God in the Body

Anne Hollander

This book is a cry of pure pain, immensely difficult to read without groaning and sometimes weeping and getting up to pace the floor. Its flavour is aptly illustrated by the shocking jacket photograph of Nijinsky undergoing a catatonic seizure at the age of 37, about eight years after he wrote this text. With his necktie neatly knotted, his face shaven and his hair combed, hands curled up, the greatest dancer of his epoch – some say of any epoch – stares into the lens with a horrifying sacrificial patience. He would not die until the age of 60, after more than three decades of being moved around from sanatorium to sanatorium in Switzerland and England.

Nijinsky began these notebooks after finishing his very last stage appearance on 19 January 1919. It was a solo charity performance at a hotel in Geneva before an audience of casual guests, at which his ferocious dance of life and death appalled and terrified the spectators. (‘He showed us all of suffering humanity stricken with horror ... he seemed to float over a mass of corpses ... a tiger escaped from the jungle, ready to annihilate us.’)

The dancer had come to Switzerland with his wife and little daughter to rest after a tour in South America, following the painful upheaval, enacted against the background of a catastrophic war, of his complex relations with Diaghilev, whose idiosyncratic mode of artistic tyranny had ruled Nijinsky’s life until the dancer abruptly married. He was in an understandable state of emotional fatigue, and the mountain air at first did him some of its famous good. Leisure, however, only proved Nijinsky more deeply unhinged than the doctors and the family had thought. The scary display in the hotel was the public climax of a progressive private derangement. Nijinsky abruptly stopped writing on 4 March, just before being taken to Zurich for further examination, treatment and eventual incarceration. He was 29 years old. During the weeks following the last mad dance, his behaviour had gone from extreme and strange to unpredictably violent. More advice and stronger measures had to be sought.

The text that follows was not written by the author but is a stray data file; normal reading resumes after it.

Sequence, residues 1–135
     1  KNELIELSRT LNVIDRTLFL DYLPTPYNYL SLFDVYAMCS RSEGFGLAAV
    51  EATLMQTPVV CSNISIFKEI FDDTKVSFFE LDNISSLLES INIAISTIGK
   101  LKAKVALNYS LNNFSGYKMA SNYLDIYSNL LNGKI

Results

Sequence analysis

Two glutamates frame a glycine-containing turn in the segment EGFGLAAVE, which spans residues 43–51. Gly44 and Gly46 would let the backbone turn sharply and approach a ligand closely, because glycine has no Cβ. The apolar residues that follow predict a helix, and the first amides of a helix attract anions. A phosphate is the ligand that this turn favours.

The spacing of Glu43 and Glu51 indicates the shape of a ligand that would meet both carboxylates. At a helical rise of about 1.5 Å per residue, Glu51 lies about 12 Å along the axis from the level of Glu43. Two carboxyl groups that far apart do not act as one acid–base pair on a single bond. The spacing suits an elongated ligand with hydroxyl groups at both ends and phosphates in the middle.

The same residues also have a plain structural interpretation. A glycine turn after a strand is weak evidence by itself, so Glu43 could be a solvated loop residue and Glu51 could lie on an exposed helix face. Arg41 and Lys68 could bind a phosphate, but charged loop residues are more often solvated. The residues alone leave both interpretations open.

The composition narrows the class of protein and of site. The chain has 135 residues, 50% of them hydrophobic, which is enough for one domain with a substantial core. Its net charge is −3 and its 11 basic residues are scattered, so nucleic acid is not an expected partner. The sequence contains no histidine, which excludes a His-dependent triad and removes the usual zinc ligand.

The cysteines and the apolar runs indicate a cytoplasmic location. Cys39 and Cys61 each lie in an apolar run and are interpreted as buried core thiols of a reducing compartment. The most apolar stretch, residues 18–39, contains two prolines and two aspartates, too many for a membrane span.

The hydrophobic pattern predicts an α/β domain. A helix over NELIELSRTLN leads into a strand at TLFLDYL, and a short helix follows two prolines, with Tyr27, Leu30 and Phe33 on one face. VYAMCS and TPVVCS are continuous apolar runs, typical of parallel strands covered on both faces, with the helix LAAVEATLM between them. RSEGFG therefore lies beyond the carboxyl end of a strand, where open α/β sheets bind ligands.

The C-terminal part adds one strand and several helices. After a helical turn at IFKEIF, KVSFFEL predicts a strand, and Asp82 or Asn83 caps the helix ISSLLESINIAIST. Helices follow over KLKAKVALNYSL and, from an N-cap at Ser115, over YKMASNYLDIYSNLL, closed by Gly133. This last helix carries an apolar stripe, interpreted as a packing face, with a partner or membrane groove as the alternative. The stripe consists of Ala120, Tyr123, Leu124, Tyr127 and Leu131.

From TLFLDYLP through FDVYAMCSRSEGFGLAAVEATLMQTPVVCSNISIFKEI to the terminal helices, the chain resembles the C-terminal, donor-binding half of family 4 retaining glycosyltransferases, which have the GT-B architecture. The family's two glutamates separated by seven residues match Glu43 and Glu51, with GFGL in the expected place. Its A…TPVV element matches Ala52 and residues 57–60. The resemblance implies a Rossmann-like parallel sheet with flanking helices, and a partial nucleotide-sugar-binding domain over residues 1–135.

Writing with intense concentration during the day and far into the night, Nijinsky had filled four notebooks during the critical six-week period between 19 January and 4 March, when his short family life and professional career were about to die, and his long life as a lunatic was about to begin. He had covered hundreds of neat manuscript pages that include a few letters which were probably never sent, ten pages of pencil illustrations not reproduced here, and some awful poems.

The notebooks document his state of mind as it was then, floating and darting and plunging among his ever more uncontrollable inward difficulties with the outward world, along with his intense desire to redeem himself and it, to purify humanity and merge with God. They record his artless love for people, his astonished contempt for their unworthy fears, customs and tricks, his deep need to be loved and understood, his pleasure when he was; they also document ordinary events, physical phenomena, memories and observations with stunning simplicity and acumen, whether or not they are pure fantasy. The writing pours out in a flood of free association with very few paragraph breaks; there is resentment – ‘Diaghilev est un cimetière’ – but no violence at all.

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